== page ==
According to a poll conducted by Marist College in New York, “Whatever!” has been the most annoying word in America for five years running! A college spokesperson described this word as “dismissive and rude.”  I think its use is symptomatic of the sarcasm that is creeping into our language from TV sitcoms.

I have my own list of annoying words and phrases. “How’s that working out for you?” makes me cringe. It takes the trifecta: sarcastic, condescending and mean-spirited. 

“Do ya’ think?” “Duh?” and “Obviously” are all ways of telling someone they’re slow on the uptake.

The first time I heard someone say, “It is what it is,” I marveled at its meaninglessness. 

“There’s no question about it,” is a sports talk staple. Hosts are constantly making pronouncements that can’t be disputed. “No question about it, Ron Santo was the best third basemen in Chicago history.” Oh yeah, what about my boyhood hero, Pete Ward, who manned the hot corner for the White Sox?

Sports jargon also includes tiresome words like “physical” which means the player commits acts of violence that would otherwise earn him an orange jumpsuit. “Deliberate” means that the guy on the mound is so slow; the grounds crew has to mow the infield between innings.

How about these sentence-starters: “Be that as it may,” “Having said that,” and my favorite, “All things being equal.” The next time all things are equal, please shoot me an e-mail. “To be honest,” is another one. If I try to slip this one past my wife, she’ll ask, “Oh, what are you doing the rest of the time?”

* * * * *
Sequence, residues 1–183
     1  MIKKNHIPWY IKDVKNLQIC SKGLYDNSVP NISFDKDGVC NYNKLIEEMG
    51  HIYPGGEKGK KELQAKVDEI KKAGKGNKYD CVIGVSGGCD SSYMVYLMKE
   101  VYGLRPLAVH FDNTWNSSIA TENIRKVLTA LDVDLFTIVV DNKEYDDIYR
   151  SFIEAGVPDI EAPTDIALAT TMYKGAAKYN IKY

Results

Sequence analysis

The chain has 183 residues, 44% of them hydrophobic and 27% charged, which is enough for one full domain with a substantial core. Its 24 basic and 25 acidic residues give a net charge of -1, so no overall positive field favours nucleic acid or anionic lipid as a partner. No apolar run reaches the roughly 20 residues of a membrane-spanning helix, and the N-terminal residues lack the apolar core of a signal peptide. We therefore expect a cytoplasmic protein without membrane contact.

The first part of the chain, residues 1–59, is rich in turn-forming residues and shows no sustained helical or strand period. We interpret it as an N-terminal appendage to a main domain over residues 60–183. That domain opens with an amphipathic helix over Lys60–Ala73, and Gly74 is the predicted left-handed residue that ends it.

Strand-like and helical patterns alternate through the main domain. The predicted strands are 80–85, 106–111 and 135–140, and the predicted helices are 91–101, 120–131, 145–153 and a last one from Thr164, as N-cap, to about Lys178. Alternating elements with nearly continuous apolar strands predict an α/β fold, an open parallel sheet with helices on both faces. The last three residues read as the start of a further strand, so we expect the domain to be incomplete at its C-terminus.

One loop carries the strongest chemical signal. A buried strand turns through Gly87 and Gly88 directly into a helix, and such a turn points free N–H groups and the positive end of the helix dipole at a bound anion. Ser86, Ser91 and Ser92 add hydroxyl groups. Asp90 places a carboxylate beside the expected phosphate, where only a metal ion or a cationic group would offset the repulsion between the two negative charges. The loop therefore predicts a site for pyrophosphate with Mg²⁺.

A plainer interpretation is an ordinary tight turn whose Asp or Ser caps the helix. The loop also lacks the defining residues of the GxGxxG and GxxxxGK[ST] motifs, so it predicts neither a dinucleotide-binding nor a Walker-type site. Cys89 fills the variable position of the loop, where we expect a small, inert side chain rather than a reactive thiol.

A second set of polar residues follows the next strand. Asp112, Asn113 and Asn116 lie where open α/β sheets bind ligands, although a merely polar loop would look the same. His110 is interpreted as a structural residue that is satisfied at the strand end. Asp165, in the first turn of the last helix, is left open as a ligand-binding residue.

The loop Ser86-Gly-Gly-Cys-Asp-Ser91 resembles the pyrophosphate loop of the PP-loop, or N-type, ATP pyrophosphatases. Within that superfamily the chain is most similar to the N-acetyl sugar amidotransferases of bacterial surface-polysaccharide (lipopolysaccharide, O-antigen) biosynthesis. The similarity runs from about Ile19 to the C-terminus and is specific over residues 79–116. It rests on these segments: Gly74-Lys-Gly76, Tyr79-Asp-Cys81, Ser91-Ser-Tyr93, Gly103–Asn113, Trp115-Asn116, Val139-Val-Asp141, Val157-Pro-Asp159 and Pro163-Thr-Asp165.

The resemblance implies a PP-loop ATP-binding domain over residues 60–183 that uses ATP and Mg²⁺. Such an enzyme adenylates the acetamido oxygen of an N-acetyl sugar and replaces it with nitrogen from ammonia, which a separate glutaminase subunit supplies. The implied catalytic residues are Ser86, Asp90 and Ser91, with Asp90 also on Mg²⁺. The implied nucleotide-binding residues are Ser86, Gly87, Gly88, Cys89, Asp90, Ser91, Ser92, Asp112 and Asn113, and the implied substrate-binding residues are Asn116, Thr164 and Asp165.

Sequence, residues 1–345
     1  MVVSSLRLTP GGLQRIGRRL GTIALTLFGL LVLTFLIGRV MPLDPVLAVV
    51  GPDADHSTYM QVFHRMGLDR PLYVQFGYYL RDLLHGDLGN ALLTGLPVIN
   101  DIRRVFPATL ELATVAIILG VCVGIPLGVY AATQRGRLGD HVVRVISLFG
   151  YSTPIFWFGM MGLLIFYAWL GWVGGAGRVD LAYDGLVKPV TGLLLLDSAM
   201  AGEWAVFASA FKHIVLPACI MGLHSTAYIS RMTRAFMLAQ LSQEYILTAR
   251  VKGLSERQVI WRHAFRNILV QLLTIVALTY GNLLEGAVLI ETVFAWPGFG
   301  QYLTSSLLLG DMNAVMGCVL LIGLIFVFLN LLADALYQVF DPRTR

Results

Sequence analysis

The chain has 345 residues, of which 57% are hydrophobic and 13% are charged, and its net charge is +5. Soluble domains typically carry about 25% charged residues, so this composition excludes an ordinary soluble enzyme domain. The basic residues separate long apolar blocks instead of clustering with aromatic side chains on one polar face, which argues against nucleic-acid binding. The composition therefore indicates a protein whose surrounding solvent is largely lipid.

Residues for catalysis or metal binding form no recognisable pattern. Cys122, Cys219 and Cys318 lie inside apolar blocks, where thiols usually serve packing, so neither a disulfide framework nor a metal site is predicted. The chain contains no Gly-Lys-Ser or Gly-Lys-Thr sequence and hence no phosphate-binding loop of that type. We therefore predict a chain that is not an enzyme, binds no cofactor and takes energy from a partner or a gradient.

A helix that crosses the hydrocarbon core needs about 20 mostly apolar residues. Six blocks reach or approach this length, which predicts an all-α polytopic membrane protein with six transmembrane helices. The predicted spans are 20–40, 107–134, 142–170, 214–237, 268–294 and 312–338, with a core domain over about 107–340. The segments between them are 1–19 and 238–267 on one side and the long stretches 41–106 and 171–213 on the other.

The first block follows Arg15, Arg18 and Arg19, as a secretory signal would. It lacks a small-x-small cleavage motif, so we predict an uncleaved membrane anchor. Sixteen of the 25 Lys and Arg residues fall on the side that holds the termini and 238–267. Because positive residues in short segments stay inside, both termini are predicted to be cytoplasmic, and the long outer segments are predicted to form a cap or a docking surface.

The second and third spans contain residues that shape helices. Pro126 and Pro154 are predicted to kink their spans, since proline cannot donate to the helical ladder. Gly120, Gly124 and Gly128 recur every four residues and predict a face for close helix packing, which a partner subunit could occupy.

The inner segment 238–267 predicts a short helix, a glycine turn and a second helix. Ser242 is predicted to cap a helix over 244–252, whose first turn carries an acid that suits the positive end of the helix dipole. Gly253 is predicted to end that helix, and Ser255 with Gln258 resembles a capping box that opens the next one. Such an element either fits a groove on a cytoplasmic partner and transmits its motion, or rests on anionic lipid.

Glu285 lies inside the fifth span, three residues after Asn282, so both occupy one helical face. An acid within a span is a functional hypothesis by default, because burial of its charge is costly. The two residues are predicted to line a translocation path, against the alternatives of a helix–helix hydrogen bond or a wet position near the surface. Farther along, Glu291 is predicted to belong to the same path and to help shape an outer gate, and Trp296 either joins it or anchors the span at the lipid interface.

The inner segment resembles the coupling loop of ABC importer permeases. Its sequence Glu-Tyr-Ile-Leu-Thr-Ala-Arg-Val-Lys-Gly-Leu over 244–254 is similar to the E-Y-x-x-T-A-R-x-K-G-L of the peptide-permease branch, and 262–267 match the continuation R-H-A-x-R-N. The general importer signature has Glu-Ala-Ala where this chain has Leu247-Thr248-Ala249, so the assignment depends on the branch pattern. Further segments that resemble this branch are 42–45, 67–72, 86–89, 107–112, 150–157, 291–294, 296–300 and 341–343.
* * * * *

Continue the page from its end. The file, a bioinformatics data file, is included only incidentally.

She also has the perfect phrase to answer a child’s urgent request – “We’ll see.” It really means “no” but at least she lets the kid down easy. 

For some reason the word “intentional” drives me crazy. “We’re very intentional about teaching each student at their own level.” Well, I guess it’s better than teaching them by accident.

“Have a good one,” is a bit too vague for me. What if my next stop is the dentist’ office to have two molars yanked?  At least wish me a nice day. I also want to give a warning to anyone who asks me, “How are you?” I take that question seriously and will answer in great detail.

“Nice to meet you,” I guess is OK but I prefer the more exuberant, “It was great to meet you.” 

There are also some placeholder phrases we use, you know, so we don’t get interrupted while we’re trying to construct our next sentence. I’ve actually heard college-educated athletes intersperse these in their interviews. I also remember some phrases a sports radio host used, while he was stalling to think of a way to answer a caller. “Well, let me say this about that,” was one of his favorites.

Full-disclosure, I’ve used many of these empty or insulting phrases in conversation. I’ve also been guilty of using sarcasm. But, what are you going to do?

John Rice is a columnist/private detective, who has seen his business and family thrive in Forest Park. He thoroughly enjoys life in the village and still gets a thrill smelling Red Hots, watching softball and strolling through cemeteries.

John Rice is a columnist/novelist who has seen his family thrive in Forest Park. He has published two books set in the village: The Ghost of Cleopatra and The Doll with the Sad Face.

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